AOL Close to Buying TechCrunch

Discussion in 'Growing and Managing a Business' started by realitybites.in, Sep 28, 2010.

  1. realitybites.in

    realitybites.in
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    AOL, the New York-based online media company, is on the verge of acquiring TechCrunch, the online blogging network started by former attorney, Michael Arrington. The deal is at a sensitive stage and might fall apart yet, but I don’t think so. Sources familiar with both entities says that the announcement is likely to come onstage at Disrupt, TechCrunch’s flagship conference currently underway in San Francisco.

    AOL CEO Tim Armstrong is likely to make an appearance at the conference, and perhaps that’s when the announcement is likely to be made. Michael Arrington was unreachable for comment, and AOL has not returned my calls. I still don’t know the terms of the deal, and will update the post accordingly.

    http://gigaom.com/2010/09/27/aol-close-to-buying-techcrunch/
     
  2. realitybites.in

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    Why We Sold TechCrunch To AOL, And Where We Go From Here

    By now you must have heard the news that AOL has acquired us. Here are videos of the on stage signing of the agreement and an interview with AOL CEO Tim Armstrong immediately afterwards.

    So how did all this happen? And What happens to TechCrunch now?

    In May I had a chance to interview Tim on stage at TechCrunch Disrupt: New York. After the talk we went to the speaker room for a quick private chat (this happens after most talks unless the speaker has to rush out).

    Tim asked me how things were going at TechCrunch. I told him I was exhausted after five years but that a recent move to Seattle made it easier to balance my life. I joked that I was half retired.

    “That’s too bad, he said, we’d love to acquire you but we’d need to know you would stick around.”

    “Wait. What? Yeah I’m great! Lots of energy, I’m having so much fun! Will probably do this for the rest of my life.”

    We laughed, and that was the end of any conversations for a while. But Sometime in late July conversations started again. And most of the conversations were about our commitment to keep doing what we do.

    http://techcrunch.com/2010/09/28/why-we-sold-techcrunch-to-aol-and-where-we-go-from-here/
     
  3. Fergal

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    Wow, big news, some of the comments on the TC blog post about this are very interesting. Well done Mike Arrington, I hope he enjoys the money and puts it to good use. I wonder how much he got for it.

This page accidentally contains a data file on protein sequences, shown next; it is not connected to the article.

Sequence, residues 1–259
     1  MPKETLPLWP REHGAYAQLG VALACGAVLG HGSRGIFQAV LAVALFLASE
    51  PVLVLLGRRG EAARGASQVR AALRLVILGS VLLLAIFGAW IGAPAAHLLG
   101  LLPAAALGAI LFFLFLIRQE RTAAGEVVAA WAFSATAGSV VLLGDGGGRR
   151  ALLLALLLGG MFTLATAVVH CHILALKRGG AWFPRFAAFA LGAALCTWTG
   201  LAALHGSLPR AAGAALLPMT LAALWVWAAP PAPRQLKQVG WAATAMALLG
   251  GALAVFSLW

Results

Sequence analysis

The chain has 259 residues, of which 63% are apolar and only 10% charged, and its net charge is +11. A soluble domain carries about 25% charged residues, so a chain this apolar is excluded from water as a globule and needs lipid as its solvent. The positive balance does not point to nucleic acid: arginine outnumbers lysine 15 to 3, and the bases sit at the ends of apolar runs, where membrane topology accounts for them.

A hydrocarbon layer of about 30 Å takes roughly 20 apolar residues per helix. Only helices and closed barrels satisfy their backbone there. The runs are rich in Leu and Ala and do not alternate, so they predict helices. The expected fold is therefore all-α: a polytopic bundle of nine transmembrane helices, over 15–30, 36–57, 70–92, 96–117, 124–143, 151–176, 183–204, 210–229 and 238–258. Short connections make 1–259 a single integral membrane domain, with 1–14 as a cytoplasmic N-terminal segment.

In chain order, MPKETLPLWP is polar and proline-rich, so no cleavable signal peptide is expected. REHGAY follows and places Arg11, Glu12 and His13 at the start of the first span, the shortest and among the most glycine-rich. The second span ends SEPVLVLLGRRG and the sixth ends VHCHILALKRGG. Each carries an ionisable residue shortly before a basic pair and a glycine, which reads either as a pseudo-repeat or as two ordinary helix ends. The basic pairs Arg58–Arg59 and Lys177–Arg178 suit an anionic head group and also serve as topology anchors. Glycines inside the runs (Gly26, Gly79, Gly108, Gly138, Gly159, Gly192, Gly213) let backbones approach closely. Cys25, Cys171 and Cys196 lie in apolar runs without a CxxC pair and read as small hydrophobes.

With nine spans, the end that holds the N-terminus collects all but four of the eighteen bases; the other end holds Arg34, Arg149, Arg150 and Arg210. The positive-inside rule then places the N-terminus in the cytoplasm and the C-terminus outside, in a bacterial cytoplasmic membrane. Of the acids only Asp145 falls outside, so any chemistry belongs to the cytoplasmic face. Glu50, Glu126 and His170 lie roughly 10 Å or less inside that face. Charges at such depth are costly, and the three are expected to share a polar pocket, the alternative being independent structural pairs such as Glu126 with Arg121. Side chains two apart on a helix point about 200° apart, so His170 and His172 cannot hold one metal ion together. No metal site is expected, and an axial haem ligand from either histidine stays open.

I'm surprised by them giving an inability to find good engineers, as the reason for the sale. TC is hosted on a WordPress VIP platform, so a lot of the tech work is outsourced. If a hugely popular tech blog can't find a way to hire engineers, what hope is there for any of the rest of us. If Tech Crunch could not hire technical people no one could. I congratulate them for building such a successful business and becoming hugely rick by selling, but really is there any need to insult reader's intelligence by telling them they sold because they couldn't hire engineers? :)

    I'd imagine TC's technical staff are not exactly impressed with this.
     
  4. Kay

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    TechCrunch bosses aren't known for their diplomacy, that's for sure. And they have been complaining about that WordPress VIP platform for ages via snide posts, Fergal. Even their own members were saying in the comments more and more how petty their whining had become about it. Posts like this one are a perfect example. Matt Mullenweg of WordPress was very civil to them and they can't even address him by his full name in the update. I stopped going because I got sick of reading their nonsense. They strike me as very pompous.
     
  5. Fergal

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    We previously discussed their issues with WordPress here. I'm not sure if they are pompous or simply courting controversy. Controversy is an important element in a story getting talked about and going viral, this increases readership and eventually leads to a multi-million Dollar buy out. Maybe they are just very smart and not necessarily pompous. :)
     
  6. Kay

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    The old "there's no such thing as bad publicity" eh. :) Could be. AOL also snapped up another couple of companies recently, neither of which I'd heard of.

    AOL's Path to Reinvention|CNNMoney
     

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